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Author Topic: Overweathered  (Read 5386 times)
GoCanes

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« on: January 26, 2012, 06:10:52 PM »

Weathered up some N scale 40' box cars.  They looked good last night.  Today, they are looking ugly.   Sad

Caught the local CSX today at the intersection, hoping to see some confirmation.  A mile of brand new hoppers heading to the Phosphate mines, with nigh a scratch or rust stain on 'em.


Man, I overdid it.   Cry
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NarrowMinded


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« Reply #1 on: January 26, 2012, 09:12:11 PM »

Take a paintbrush and some 90% alcohol, brush them and brush some of the weathering away let it dry and then take another look.

When I over do it this is how I undo it sometimes they even look better,

If they end up with a white film wipe it off with a q-tip or just give them A light coat of dulkote I use testers.

NM-JEff
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GoCanes

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« Reply #2 on: January 26, 2012, 09:15:36 PM »

Take a paintbrush and some 90% alcohol, brush them and brush some of the weathering away let it dry and then take another look.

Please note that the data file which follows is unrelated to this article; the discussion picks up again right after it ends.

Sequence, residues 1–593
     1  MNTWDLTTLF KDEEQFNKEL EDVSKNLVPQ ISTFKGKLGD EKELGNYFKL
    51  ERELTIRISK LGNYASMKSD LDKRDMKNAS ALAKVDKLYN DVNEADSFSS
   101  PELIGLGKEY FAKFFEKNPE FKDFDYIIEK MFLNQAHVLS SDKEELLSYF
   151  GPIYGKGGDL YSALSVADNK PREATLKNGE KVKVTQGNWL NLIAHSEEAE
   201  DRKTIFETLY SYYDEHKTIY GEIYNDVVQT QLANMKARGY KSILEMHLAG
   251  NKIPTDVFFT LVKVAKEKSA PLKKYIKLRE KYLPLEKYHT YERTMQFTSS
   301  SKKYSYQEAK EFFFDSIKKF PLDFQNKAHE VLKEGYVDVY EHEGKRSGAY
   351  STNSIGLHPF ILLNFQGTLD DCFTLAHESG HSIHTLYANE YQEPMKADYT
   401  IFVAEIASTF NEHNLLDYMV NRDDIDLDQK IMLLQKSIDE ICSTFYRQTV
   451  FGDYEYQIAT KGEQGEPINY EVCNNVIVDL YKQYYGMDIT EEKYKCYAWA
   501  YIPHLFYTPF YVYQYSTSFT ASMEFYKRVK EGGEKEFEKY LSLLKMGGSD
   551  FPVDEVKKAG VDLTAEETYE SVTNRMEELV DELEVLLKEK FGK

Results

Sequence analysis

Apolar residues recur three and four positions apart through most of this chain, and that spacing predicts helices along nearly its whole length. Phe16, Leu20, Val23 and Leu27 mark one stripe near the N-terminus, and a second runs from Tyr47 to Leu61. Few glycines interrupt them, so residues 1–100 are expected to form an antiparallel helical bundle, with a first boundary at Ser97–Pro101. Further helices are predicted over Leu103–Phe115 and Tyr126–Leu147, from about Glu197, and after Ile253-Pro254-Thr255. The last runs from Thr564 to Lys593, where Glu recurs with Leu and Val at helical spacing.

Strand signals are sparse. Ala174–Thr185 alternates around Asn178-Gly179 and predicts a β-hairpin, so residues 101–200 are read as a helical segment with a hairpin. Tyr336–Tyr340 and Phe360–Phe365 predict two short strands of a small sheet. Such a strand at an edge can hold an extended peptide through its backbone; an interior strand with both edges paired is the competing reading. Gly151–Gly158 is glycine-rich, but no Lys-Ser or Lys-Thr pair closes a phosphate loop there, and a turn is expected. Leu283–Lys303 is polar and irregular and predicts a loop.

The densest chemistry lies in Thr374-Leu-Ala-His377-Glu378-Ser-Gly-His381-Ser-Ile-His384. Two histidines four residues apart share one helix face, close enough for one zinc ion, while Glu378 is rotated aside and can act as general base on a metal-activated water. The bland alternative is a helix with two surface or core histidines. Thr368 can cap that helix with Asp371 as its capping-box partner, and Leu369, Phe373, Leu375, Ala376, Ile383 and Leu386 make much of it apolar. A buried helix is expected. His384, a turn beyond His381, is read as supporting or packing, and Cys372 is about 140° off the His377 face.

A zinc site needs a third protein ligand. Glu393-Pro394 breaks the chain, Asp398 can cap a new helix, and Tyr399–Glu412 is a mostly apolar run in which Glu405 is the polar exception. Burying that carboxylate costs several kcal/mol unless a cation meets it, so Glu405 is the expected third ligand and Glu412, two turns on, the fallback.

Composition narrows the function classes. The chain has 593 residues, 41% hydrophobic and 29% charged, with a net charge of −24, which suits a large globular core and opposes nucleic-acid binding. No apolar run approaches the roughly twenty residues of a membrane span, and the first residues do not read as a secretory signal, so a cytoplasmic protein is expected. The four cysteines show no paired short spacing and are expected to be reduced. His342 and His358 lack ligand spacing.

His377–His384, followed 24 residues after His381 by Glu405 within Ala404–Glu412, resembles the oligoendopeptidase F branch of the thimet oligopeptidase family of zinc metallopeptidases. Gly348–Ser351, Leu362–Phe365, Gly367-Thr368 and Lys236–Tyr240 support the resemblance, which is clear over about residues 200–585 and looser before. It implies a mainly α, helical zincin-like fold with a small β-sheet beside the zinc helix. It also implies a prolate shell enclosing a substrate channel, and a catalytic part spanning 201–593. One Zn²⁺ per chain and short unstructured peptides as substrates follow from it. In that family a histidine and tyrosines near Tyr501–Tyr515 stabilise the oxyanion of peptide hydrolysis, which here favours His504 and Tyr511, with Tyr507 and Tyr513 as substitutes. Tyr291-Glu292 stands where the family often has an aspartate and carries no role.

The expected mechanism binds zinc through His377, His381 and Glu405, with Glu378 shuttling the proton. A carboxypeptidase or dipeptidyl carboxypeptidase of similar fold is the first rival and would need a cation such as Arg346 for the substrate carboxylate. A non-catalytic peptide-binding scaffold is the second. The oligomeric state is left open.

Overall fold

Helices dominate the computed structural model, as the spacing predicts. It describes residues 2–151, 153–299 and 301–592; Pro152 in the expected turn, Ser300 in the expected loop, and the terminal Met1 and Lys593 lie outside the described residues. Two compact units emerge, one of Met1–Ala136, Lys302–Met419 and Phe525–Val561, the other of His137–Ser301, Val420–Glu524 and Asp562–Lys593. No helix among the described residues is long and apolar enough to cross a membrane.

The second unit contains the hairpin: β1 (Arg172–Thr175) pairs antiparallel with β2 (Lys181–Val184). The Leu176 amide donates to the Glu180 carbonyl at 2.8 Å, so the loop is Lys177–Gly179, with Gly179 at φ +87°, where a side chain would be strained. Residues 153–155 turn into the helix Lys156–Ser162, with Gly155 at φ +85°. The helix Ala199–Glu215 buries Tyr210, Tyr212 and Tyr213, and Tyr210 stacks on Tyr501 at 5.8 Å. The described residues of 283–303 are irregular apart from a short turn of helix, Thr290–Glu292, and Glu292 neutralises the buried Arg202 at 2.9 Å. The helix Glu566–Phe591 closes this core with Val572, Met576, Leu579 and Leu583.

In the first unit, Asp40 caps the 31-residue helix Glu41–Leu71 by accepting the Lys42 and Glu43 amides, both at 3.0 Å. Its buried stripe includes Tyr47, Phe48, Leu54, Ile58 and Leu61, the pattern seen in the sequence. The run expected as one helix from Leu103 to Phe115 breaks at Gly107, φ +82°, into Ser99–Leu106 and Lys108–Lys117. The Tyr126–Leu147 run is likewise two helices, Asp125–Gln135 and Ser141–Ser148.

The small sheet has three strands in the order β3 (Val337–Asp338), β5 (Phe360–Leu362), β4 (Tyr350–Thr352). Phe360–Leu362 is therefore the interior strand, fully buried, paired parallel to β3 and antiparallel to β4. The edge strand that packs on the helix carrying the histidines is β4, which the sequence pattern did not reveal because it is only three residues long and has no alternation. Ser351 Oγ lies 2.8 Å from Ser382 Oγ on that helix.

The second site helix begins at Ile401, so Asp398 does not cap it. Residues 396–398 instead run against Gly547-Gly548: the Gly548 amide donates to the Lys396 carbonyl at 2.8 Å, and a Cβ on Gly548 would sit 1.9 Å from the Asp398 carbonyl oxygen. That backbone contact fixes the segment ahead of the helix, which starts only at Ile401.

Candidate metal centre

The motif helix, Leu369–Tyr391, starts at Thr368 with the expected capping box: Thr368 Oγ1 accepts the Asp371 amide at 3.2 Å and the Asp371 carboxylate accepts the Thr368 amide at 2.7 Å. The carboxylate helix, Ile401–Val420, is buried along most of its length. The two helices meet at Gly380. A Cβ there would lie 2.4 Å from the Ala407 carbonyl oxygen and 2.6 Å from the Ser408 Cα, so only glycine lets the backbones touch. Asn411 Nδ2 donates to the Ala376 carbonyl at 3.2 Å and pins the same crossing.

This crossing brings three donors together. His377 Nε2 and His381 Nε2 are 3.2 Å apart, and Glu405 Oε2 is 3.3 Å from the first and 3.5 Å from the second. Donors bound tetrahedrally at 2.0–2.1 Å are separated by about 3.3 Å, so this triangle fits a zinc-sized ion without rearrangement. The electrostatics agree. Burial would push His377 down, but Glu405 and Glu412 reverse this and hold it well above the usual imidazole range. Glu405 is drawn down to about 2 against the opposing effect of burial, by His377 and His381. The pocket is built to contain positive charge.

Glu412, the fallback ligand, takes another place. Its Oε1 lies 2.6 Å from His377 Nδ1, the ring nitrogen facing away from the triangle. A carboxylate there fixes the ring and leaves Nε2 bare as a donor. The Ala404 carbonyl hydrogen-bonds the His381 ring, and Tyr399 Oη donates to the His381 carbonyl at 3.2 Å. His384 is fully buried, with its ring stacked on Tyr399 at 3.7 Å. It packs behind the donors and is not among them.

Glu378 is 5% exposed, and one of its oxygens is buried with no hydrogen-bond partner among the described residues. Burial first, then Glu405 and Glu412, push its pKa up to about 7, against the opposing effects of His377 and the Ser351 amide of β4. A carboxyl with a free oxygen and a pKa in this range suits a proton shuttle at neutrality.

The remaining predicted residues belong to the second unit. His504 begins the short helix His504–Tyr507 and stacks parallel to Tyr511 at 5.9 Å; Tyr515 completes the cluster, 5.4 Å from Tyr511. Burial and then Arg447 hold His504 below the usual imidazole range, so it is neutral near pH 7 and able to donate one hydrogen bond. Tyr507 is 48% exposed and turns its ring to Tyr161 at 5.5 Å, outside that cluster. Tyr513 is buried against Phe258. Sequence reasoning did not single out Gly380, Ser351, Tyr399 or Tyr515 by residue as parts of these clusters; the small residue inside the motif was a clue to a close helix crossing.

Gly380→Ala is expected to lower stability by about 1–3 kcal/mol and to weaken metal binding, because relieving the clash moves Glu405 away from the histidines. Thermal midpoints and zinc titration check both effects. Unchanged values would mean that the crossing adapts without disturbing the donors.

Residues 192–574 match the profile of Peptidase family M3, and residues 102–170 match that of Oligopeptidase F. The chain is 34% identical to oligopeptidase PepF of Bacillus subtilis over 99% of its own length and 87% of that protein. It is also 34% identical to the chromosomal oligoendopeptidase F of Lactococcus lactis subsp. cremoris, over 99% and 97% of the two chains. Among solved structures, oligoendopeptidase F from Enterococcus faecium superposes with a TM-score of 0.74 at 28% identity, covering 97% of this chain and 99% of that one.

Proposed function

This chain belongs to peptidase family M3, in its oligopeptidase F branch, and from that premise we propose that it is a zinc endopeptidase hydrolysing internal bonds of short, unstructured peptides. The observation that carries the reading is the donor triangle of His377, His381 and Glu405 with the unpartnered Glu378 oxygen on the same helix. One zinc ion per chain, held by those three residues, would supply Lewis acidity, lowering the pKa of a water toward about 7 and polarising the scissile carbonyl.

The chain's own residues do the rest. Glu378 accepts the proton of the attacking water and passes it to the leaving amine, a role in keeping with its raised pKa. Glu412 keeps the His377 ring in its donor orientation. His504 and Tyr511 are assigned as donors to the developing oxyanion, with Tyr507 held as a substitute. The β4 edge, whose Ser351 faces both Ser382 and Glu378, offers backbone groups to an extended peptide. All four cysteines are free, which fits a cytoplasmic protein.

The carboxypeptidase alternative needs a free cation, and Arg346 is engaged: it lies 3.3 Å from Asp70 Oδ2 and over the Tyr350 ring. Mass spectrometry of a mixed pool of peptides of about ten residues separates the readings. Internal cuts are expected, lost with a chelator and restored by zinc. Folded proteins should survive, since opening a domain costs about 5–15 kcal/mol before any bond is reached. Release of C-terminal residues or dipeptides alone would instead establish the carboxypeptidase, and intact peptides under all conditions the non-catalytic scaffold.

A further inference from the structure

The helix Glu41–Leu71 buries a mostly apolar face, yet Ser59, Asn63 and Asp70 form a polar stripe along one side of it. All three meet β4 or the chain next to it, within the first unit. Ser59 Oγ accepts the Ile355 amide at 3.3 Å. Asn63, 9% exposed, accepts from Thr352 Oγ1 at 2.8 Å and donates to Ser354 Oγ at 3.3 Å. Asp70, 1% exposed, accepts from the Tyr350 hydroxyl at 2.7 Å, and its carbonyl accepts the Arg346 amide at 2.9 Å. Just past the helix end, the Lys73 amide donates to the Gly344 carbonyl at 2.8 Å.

When I over do it this is how I undo it sometimes they even look better,

If they end up with a white film wipe it off with a q-tip or just give them A light coat of dulkote I use testers.

NM-JEff



Thanks.   My past experioence building Soviet WWII tank models causes me to over do weathering, I think?
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Doneldon

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« Reply #3 on: January 26, 2012, 11:54:48 PM »

Cane Man-

If you look at modern prototype rolling stock you'll find that,
in many cases, it's every bit as weathered as any WWII Soviet
tank.
            -- D
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CNE Runner


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« Reply #4 on: January 27, 2012, 10:34:00 AM »

The greatest error, made in weathering, is too much. I have found the best course of action is to apply a little weathering, let it stand overnight, and see what it looks like the next day. Usually, I only have to 'touch up' with a very light coat...which is far easier than trying to remove a heavy coat (this is especially true with weathering powders on wood).

Ray
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"Keeping my hand on the throttle...and my eyes on the rail"
NarrowMinded


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« Reply #5 on: January 27, 2012, 11:39:22 PM »

I think the single biggest mistake I see when people "Over Weather" is they the forget to Fade the paint, many times I see a nice job of applying the weathering accents, but it is on top of bright paint.